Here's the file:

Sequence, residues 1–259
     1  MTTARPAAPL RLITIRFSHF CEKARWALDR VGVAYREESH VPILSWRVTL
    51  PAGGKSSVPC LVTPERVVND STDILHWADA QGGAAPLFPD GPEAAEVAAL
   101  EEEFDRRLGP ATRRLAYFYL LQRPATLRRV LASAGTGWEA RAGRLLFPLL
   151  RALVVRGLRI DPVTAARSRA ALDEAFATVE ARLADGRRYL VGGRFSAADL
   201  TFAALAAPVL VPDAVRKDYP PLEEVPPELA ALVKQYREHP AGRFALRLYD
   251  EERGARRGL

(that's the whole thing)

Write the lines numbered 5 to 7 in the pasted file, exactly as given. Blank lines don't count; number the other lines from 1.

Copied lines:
   151  RALVVRGLRI DPVTAARSRA ALDEAFATVE ARLADGRRYL VGGRFSAADL
   201  TFAALAAPVL VPDAVRKDYP PLEEVPPELA ALVKQYREHP AGRFALRLYD
   251  EERGARRGL